Orbán: Energy from Central Asia needed in Europe
Referring to the war in Ukraine, he said Turkmenistan, like Hungary, was “pro-peace” and “making efforts to resolve this conflict as soon as possible”.
The current world state of affairs, he said, had “upended traditional economic relations” and “could very well usher in a new world economic era”. Such changes “boost the value of the central Asian region from our point of view and from the European perspective”.
Orbán said traditional east-west supply routes had broken down. “We must seek out new routes and new partners,” he said, adding that the central Asian region could end up as the bridge between East and West.
Turkmenistan, he said, may be “a great partner” for Europe and Hungary in this, adding that the country could make “a major contribution to the diversification of our energy supply”, though this, he added, would not be easy because complex infrastructure and transport issues must be resolved first, and doing so was beyond the competence of the two countries alone.
“So we’re interested in quickly resolving open issues around the Caspian Sea,” he said.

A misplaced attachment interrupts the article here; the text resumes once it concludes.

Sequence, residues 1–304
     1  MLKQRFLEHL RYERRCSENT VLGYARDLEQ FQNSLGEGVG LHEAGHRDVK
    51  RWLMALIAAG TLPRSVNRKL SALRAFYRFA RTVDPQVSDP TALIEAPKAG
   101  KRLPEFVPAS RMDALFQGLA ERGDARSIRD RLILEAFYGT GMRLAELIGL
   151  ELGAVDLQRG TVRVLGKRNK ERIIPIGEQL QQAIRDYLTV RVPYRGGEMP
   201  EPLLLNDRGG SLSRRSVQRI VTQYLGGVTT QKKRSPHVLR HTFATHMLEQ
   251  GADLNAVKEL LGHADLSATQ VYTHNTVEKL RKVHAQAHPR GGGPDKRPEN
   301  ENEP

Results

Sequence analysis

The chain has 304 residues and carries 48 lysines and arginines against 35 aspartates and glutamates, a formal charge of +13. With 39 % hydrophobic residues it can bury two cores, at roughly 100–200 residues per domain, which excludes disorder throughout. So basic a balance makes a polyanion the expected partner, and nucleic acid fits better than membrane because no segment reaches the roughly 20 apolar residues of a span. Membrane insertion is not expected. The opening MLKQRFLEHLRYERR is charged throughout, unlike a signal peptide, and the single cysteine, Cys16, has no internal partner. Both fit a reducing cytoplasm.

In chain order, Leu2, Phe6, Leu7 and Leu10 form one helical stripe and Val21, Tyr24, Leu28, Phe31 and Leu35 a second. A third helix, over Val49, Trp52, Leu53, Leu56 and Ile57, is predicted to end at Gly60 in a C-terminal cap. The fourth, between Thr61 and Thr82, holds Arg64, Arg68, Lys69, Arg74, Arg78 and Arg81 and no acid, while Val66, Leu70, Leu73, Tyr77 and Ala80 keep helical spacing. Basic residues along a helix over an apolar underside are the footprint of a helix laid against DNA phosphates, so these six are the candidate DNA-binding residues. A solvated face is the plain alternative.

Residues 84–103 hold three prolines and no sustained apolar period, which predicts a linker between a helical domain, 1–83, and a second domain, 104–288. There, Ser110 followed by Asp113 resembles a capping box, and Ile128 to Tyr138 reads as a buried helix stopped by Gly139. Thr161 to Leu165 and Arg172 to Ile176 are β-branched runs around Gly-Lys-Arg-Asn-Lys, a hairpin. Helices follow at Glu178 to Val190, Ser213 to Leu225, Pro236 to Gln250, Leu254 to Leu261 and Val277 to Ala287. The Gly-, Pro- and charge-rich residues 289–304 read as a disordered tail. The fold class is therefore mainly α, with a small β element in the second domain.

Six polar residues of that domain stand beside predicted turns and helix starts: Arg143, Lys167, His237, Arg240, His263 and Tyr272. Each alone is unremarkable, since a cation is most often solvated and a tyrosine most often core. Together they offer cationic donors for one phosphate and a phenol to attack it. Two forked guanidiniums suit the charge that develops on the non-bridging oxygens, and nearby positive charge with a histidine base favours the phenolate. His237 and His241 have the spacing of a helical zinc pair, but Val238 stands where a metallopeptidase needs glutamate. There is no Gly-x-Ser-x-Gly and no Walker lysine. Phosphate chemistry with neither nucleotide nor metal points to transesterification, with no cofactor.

“We encourage and urge European Union institutions to make sure that the partnership and cooperation agreement signed with Turkmenistan 25 years ago enters into force … When Europe cuts itself off from Russian energy sources, it can’t afford not to sign a partnership agreement that is in Europe’s vital economic interest,” he said in the statement.
The prime minister said Hungary had an outsized role in supplying medicine to Turkmenistan, and an opportunity for cooperation in the water industry and energy cooperation also beckoned. Both sides are proposing new economic areas of cooperation, he added.
In addition, Orbán called for Hungarian language tuition in Turkmenistan and a deepening of political and economic ties in line with the countries’ “historical kinship”.